Jesus challenges us in this Gospel to be different. Rather than complaining that others have received what is good, we should be content that we have done what is necessary. When we feel entitled, we should be very cautious! Entitlement in our hearts can lead to vicious snobbery, division among family and neighbors, and resentment. So let’s catch ourselves. When I feel entitled, I should ask myself, “What have I done to deserve any reward? What am I willing to give in imitation of the generosity and love of God?” The owner of the vineyard in the parable Jesus tells is generous – we too should seek to live this generosity!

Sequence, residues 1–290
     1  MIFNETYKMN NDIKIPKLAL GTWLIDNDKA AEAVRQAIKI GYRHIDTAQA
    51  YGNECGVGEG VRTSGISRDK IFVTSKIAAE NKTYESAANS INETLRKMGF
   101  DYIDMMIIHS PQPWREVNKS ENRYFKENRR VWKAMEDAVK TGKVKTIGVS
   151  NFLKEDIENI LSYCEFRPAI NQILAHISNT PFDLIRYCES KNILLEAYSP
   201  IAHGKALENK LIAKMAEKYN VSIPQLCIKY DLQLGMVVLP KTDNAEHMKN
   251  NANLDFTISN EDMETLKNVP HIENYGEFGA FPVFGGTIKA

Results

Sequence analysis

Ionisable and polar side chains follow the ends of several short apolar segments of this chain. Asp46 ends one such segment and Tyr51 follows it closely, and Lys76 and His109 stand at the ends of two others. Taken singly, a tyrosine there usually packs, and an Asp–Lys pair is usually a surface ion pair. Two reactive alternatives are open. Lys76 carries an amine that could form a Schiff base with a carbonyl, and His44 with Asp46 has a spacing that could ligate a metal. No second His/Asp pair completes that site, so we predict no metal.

The Stewardship Model can be helpful in answering this question. What am I willing to give of my time, talent, and treasure? The truth is that it is easy to write a check, but giving of our treasure is just one (important and appreciated!!!) form of generosity. Do I place my skills at the service of others? Am I willing to use my expertise and talent to benefit someone other than myself?  In parish life, perhaps the most important form that generosity takes is time. There is always a need for hands (skilled or unskilled!). St. Teresa of Calcutta, when offered money for her missions, would often tell people to keep their money and immediately ask them to come and work alongside her instead. Time is a great treasure!